The 21st century has opened a new can of worms regarding estate plans. Now on the estate planning menu for many Massachusetts residents are digital assets. Many things have been digitized and not everything everyone owns is in a hard copy format. Anything online that a person owns is considered to be a digital asset.
These assets could include blogs, vlogs, social media pages and websites. Also, much of a person’s finances are now managed online. Banking can be done online as well as things like overseeing investment portfolios. And then there are also personal assets stored online, such as photographs and videos. People need to be just as mindful of these assets when estate planning as they are of other assets.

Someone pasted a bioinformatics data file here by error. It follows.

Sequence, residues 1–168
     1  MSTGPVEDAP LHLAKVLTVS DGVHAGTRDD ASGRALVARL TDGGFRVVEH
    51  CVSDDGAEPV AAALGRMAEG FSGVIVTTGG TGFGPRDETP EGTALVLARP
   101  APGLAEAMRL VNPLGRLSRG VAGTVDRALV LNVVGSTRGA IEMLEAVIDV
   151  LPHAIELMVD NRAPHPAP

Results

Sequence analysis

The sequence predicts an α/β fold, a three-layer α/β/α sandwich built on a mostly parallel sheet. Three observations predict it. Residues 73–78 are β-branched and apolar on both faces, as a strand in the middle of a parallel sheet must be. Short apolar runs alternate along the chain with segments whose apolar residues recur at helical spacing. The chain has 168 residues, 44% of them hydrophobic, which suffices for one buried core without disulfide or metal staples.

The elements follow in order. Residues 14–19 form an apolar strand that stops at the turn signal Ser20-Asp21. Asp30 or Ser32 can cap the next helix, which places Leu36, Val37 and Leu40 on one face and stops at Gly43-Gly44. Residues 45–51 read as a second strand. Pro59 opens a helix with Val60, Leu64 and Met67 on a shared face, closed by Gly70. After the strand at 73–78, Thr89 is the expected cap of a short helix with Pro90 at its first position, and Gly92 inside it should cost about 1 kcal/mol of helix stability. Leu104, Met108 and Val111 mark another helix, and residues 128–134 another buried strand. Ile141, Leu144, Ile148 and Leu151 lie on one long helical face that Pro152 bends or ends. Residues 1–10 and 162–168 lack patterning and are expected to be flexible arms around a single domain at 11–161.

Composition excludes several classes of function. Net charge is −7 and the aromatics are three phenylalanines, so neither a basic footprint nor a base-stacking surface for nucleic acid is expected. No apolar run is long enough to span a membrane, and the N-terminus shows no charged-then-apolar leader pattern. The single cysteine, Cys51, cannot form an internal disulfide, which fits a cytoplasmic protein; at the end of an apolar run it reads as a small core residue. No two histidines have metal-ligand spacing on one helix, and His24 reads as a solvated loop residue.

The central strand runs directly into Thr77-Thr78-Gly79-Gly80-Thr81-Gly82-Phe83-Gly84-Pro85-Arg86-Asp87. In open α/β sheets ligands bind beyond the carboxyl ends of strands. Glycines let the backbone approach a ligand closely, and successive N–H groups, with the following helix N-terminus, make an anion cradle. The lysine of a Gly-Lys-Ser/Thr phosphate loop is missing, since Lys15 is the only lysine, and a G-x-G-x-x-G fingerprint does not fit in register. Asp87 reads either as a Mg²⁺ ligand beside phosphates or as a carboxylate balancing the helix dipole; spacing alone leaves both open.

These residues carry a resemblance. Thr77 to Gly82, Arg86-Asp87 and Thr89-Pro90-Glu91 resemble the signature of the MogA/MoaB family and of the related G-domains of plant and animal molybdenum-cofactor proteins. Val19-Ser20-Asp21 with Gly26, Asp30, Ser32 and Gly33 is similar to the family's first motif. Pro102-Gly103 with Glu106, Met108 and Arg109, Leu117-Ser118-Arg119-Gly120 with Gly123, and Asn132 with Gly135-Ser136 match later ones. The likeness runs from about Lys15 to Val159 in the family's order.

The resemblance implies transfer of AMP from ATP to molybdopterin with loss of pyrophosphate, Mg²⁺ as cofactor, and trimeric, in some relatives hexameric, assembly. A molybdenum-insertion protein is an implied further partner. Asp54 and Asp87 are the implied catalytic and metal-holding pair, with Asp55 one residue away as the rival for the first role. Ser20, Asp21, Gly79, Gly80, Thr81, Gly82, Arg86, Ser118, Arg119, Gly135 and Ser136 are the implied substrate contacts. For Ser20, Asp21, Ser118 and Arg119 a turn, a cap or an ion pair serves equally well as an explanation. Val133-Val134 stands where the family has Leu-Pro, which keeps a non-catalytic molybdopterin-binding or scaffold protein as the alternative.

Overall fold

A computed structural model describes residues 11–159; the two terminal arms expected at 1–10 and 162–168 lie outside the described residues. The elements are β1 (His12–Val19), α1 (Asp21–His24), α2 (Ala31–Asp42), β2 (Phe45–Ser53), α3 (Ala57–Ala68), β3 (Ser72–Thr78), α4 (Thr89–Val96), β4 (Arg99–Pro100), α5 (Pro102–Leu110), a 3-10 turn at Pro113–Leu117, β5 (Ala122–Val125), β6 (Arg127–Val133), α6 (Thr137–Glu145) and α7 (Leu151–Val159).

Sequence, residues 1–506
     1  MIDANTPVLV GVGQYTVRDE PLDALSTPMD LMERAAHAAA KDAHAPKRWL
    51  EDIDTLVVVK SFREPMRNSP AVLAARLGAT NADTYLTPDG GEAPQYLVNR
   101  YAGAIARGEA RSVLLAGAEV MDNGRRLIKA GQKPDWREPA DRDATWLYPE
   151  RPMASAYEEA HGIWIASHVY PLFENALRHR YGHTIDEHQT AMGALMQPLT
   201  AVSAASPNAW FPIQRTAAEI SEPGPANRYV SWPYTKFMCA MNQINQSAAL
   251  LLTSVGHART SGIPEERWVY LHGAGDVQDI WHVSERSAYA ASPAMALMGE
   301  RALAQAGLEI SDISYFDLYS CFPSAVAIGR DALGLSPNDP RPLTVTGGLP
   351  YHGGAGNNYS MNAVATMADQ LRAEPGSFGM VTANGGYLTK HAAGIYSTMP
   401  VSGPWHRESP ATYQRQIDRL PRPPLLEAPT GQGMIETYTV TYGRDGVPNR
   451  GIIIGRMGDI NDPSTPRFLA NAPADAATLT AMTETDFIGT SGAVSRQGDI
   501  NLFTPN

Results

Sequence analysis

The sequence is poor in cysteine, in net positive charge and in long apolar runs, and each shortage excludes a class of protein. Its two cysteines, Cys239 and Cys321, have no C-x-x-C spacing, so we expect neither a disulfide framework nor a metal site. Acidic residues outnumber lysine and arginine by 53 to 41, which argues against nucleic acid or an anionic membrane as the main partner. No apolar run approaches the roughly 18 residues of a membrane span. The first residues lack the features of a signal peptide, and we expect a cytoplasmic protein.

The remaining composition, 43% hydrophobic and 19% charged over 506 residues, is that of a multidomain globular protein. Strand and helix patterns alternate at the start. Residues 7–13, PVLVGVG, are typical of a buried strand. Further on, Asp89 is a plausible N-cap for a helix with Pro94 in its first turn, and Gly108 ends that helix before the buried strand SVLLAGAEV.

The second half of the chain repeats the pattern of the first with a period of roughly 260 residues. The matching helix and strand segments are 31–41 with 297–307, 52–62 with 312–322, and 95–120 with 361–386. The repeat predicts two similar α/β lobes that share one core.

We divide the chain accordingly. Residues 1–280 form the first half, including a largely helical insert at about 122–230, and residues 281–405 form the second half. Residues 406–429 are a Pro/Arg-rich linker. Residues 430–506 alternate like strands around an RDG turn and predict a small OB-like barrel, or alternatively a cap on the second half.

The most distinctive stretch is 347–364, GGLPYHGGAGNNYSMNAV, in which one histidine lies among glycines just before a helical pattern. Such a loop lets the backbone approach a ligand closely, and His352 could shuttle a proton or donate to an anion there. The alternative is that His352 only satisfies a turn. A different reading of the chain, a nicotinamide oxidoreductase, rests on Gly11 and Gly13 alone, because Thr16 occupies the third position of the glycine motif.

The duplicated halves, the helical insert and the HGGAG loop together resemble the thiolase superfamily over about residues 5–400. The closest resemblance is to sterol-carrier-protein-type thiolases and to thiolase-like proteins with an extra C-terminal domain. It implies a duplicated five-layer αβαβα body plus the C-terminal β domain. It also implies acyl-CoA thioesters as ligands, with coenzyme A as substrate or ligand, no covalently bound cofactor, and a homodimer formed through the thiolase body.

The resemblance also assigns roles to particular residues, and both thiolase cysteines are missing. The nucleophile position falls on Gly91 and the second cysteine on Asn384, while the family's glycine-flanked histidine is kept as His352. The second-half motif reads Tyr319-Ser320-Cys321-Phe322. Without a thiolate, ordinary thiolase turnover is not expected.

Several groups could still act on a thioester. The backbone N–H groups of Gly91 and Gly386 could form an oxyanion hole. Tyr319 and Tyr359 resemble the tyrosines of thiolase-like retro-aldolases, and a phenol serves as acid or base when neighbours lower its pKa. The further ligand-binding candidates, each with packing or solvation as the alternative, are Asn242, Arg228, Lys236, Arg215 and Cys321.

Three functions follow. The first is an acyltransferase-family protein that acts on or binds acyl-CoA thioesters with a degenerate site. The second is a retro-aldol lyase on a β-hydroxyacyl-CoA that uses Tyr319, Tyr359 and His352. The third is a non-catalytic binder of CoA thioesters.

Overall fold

There are basically four areas of digital accounts with which people need to be concerned: finances, online rewards programs, electronic communications and digital collections. Financial accounts could include things like PayPal or Zelle, while online rewards programs could include Air Miles or other shopping points programs. Electronic communications include email accounts and social media pages on platforms like Facebook, Instagram and Twitter. Collections could include photos, videos or anything that carries sentimental value.
A Massachusetts attorney may be able to help a client to distinguish what his or her digital assets are and how to handle them in estate planning documents. Dying and leaving these issues at loose ends may cause added grief for loved ones left to sort through them. Looking after online assets is an important aspect of a comprehensive estate plan.